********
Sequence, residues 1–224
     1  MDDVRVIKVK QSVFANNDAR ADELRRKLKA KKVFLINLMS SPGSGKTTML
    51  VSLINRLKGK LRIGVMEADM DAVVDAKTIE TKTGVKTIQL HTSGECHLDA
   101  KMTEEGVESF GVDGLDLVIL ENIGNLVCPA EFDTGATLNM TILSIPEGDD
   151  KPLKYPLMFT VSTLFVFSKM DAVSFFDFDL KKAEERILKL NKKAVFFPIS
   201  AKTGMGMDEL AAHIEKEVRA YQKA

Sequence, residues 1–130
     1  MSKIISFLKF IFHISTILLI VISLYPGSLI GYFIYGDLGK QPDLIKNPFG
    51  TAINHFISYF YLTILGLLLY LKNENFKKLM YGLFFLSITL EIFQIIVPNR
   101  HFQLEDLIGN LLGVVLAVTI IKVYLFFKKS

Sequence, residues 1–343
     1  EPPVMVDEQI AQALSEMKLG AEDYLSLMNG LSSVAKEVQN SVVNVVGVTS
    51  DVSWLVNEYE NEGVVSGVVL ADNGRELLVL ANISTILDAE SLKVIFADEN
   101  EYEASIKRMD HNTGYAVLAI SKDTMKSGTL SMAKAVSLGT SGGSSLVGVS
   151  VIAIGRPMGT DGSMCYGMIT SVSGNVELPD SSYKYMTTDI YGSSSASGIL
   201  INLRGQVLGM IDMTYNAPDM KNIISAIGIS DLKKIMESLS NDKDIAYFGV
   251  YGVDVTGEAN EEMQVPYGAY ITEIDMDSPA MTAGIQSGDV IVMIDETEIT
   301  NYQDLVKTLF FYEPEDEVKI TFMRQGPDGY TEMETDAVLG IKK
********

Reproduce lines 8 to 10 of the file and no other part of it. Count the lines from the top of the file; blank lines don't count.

     1  MSKIISFLKF IFHISTILLI VISLYPGSLI GYFIYGDLGK QPDLIKNPFG
    51  TAINHFISYF YLTILGLLLY LKNENFKKLM YGLFFLSITL EIFQIIVPNR
   101  HFQLEDLIGN LLGVVLAVTI IKVYLFFKKS